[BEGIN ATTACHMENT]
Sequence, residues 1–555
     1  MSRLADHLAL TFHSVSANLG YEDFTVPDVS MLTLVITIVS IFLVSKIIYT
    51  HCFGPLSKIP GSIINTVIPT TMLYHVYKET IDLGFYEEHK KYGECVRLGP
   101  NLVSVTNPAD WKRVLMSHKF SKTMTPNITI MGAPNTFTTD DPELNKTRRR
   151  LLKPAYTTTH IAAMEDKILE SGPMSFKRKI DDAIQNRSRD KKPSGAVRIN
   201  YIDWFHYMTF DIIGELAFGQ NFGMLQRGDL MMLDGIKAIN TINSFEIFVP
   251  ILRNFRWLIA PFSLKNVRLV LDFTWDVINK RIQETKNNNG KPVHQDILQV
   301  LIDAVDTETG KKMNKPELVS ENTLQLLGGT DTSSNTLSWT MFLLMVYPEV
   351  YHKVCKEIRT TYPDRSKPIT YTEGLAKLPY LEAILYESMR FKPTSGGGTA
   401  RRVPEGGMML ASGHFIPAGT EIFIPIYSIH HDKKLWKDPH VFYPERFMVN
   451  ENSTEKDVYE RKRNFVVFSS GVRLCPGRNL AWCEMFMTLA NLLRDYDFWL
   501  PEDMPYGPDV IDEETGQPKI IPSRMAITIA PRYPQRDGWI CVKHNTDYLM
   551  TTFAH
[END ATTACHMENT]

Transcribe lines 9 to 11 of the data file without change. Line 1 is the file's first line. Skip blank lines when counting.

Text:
   351  YHKVCKEIRT TYPDRSKPIT YTEGLAKLPY LEAILYESMR FKPTSGGGTA
   401  RRVPEGGMML ASGHFIPAGT EIFIPIYSIH HDKKLWKDPH VFYPERFMVN
   451  ENSTEKDVYE RKRNFVVFSS GVRLCPGRNL AWCEMFMTLA NLLRDYDFWL